Builder Address: (404) 443-4000
Gregory Walker - Partner in Charge, Houser Walker Architecture
David Esterline - Project Architect
Sykes Consulting Engineers (Structural) -
Johnson Spellman Associates (MEPFP, Energy Modeling, Commissioning)
The Jaeger Group (Landscape Architecture)
ACES Engineering (Civil Engineering) - since closed the business
TSAV (AV and IT Consulting)
The Palmetto Library is a new, $3.5M facility serving the communities of Palmetto and Chattahoochee Hills in South Fulton County. At 11,000sf, the facility will deliver much needed public library services to a largely rural but developing region of Georgia.
Our design for the library takes inspiration from local vernacular structures and, in particular,
a nearby large agricultural barn that marked a key intersection. We were inspired by the barn’s presence in the landscape, it’s interior volume, and material presence. As we began considering our design and its response to the local terrain and climate, we saw the barn as a befitting formal prototype.
In response to the program needs, we took the volumetric profile of the existing structure and sliced it into quarters, with each section containing one portion of the full program. Through a subsequent series of adjustments to its volume, views, winds, and daylight, each “box” was adjusted, rotated, and openings inserted. Filling the space between the “boxes” are a sky-lit entry sequence and building services. The resulting composition recalls the profile of the barn while transforming it into a more public presence.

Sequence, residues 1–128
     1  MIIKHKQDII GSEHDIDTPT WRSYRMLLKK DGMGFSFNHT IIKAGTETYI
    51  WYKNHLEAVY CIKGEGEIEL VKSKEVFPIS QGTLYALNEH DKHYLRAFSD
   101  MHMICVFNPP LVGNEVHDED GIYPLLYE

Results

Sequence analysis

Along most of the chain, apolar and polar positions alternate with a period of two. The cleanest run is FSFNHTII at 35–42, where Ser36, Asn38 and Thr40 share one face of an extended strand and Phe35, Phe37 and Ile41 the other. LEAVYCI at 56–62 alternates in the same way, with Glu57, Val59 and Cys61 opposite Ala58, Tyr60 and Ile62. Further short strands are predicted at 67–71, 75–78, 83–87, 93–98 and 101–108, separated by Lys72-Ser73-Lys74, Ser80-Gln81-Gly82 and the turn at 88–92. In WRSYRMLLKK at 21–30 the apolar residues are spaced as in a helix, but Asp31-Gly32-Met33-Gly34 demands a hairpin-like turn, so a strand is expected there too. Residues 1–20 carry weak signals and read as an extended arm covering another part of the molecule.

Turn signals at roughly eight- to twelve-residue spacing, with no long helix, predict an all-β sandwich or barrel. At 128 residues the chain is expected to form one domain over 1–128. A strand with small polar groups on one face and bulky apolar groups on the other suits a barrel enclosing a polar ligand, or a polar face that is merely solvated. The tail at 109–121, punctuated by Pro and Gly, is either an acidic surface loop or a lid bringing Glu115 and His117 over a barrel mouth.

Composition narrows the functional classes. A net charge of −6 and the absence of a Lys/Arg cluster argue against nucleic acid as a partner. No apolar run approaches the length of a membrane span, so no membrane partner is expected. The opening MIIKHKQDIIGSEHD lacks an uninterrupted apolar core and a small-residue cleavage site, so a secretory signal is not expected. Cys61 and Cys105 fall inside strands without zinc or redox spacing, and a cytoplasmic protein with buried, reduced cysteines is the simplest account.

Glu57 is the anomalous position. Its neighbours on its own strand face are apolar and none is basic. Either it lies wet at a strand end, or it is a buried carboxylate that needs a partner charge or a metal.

Each ‘box’ contains a portion of the overall program. The adult and children’s resource areas will act as large reading rooms, with ceilings soaring to 18+ feet and carefully controlled natural light filtering through the space. A community meeting room occupies one ‘box’ and the back of house staff workplaces another.
Exterior materials include a composite wood siding rain screen, zinc roofing, corrugated cor-ten steel, and siding to recall the original barn. At the exterior, each ‘box’ is rendered in aa slightly different color and paired with a different regional wood at the interior. The interior woods included reclaimed heart pine, walnut, cherry, and eastern maple.
Finally, our overall site strategy hinged on creating “place” out of a largely desolate, relatively flat 4 acre tract. We chose to tie the building together to the required parking through the creation of a planted grove, with native white oak trees planted on a 30′ grid throughout. A formal planted garden of native flowering species to encourage local pollinators and that provides outdoor seating spaces is adjacent to the entry. A required detention pond was vegetated to provide a visual amenity. The remainder was left to become a native tall grass field, with a local artist commissioned to provide a sculpture in the field.
The structure is certified LEED Silver and opened in late 2014.